Start by realizing what each family member can and can't do. Young children will be limited to very simple chores. Keep in mind what your children have shown an interest in doing – the outdoorsy child may prefer chores in the yard.
Involve everyone when you make the chore list. If your spouse and each child have a say in what chores they will have to do, they will be more likely to actually follow through.
The chore list doesn't have to be a plain sheet of paper with writing on it – be creative! Use colors and pictures to get your children interested in doing chores. Post the list on the refrigerator or in another central location in your home.
While you may try explaining the greater good that doing their chores provides for the family, working rewards into your chore system may be a more efficient way to get them to work. Rewards could include allowance or extra playtime.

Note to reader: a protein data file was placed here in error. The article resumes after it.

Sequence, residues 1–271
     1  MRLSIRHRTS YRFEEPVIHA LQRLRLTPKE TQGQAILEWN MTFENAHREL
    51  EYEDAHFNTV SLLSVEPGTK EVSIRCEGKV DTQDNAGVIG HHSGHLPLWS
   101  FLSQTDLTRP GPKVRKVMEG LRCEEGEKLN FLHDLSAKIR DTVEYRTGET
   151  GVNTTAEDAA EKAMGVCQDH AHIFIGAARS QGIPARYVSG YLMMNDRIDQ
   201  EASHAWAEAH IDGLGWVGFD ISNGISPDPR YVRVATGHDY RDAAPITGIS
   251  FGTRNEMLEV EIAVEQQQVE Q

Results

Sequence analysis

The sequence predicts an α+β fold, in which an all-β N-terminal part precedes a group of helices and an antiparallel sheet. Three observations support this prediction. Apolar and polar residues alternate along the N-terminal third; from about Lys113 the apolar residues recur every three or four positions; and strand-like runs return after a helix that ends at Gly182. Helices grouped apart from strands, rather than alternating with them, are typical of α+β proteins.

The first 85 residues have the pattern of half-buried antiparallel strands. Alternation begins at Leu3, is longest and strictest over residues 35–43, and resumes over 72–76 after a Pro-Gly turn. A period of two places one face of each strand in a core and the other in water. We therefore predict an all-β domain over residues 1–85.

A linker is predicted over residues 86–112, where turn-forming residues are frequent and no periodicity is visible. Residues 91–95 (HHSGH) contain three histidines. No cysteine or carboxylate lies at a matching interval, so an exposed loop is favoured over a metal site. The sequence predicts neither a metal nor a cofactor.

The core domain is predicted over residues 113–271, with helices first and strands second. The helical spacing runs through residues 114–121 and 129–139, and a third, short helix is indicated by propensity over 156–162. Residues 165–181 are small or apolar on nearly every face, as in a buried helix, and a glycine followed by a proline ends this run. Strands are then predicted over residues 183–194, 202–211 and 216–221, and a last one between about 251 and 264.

Don't make things too difficult. If you have your family working for several hours straight, you shouldn't be surprised when your kids suddenly start having other things to do during chore time. Break chores up into smaller, workable blocks of time.
Blast the music while you are spring cleaning or do something to make it more fun for your kids. Chores aren't known as a source of entertainment but there's nothing stopping you from having fun while cleaning around the house and yard. After the chores are done head to the ice cream parlor or movies for a fun family activity.
For more tips on kids and chores, check this out:
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